Concurrently, a colleague of mine had lost her second husband and she was needing a place to live where she could have her friends and family around her. I drove her around town trying to find a place for her to live and I learned that the senior projects were low income only. At the same time another friend, whose husband had passed recently, and I were having lunch and talking about the need for a place for independent seniors who could live a live and enjoy activities and have friends and even be productive. Since there wasn’t one in Fairbanks, my friend said, “let’s build one!”.

We started gathering other people who would be interested in building a place like that and pretty soon we had a committee going. We started holding open community meetings in a conference room in the mayor’s office and put a notice in the newspaper inviting people to participate. It started with a handful of people, and it didn’t take long for us to outgrow the conference room with sometimes as many as 40-45 people attending

We met once a month for ten years and used the group as a sounding board for discussion and to field ideas. We agreed that it should be a place with a lot of freedom, a lot of activities, a place where we could get good meals and where we had private bathrooms.

Then we engaged an architect, but the hardest part was finding a place to build it. We needed five acres for what we wanted to do, and we knew we didn’t want to be out in the sticks so we could be accessible to family, friends and the community. We found an old apartment complex that was on enough land and the buildings could be demolished but we needed money.

We started going around making speeches all over town, collecting money. We decided to make it a nonprofit modeled after a hospital foundation because we got some input from a local property owner that many national senior living chains looked at building here but declined because they couldn’t make a profit. We eventually got some grants and loans to bring the project to life.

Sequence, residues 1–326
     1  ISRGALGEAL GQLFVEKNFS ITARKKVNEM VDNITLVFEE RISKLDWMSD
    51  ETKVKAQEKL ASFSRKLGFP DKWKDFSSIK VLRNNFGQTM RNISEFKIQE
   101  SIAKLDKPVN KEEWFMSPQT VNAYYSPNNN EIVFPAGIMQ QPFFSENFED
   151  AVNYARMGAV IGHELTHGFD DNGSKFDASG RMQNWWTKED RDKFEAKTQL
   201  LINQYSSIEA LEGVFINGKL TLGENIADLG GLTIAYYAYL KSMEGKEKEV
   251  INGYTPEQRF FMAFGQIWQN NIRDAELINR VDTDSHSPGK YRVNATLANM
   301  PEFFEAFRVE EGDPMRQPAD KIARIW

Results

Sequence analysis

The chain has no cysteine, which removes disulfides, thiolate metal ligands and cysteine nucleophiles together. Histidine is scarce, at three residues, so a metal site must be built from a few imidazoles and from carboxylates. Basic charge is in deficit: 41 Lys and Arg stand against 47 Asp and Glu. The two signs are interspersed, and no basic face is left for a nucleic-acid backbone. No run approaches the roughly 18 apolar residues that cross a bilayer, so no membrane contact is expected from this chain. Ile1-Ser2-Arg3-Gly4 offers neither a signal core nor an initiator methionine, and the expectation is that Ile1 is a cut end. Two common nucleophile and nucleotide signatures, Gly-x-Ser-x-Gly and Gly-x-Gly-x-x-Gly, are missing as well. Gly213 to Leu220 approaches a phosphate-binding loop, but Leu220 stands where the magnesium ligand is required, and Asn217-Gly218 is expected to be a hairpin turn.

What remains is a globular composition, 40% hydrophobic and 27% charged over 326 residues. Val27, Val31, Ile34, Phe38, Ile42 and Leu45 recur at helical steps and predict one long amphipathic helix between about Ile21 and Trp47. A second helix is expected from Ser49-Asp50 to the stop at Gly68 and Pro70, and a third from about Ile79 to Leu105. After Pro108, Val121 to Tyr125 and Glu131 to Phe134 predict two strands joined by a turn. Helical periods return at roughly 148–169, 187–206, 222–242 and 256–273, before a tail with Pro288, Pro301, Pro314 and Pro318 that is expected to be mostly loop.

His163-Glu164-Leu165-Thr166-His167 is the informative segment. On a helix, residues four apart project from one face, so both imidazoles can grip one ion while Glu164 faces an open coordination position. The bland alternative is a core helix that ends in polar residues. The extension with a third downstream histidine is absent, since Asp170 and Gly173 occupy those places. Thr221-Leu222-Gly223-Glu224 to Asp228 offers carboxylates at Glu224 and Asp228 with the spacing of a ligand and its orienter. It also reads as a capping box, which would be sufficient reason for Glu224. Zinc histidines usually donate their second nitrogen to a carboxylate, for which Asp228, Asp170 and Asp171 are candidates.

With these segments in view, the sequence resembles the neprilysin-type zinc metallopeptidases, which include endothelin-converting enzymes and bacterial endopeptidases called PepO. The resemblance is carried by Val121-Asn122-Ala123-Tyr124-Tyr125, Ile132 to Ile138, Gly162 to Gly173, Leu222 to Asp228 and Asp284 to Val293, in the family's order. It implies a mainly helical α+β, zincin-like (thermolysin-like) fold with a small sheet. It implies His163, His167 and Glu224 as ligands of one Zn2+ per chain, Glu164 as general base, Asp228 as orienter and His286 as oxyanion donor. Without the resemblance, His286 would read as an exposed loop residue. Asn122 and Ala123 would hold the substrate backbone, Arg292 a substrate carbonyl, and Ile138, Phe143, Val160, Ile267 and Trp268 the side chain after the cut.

We incorporated in 2004 and opened our first building in 2010. [They started with 20 units and there are now 95 units, a community center, a restaurant that is also open to the public and a performance stage. More information about Raven Landing can be found here].

The whole social ambience here turned out better than we dreamed. There’s a feeling of camaraderie and everybody is friendly. And that’s just remarkable. And the staff is astonishing – we are so lucky to have people who are so dedicated and good at what they do.

You’ve lived a full life so far and just turned 90. What are you focusing your learning on these days?

I’m learning to let go of those mementos and things that have delineated my whole life that would be of no interest whatsoever to my grandchildren. I need to take one last look and then throw them away. And that’s hard.

The other thing is I’m trying to learn to take better care of myself exercise wise and I’m certainly not near where I need to be spiritually.

Lastly, you make a legendary gin and tonic. Please share your recipe so the rest of us can learn from your mastery :)

Okay. I had to write this down because I just dump it when I make it. Fill a glass about half full of ice cubes. Put in three ounces of gin, a quarter to a sixth of a lime (depending on how big the lime is). Squeeze it to get the juice out and then dump the lime in the glass and stir it so they get muddled. Then add four ounces of tonic.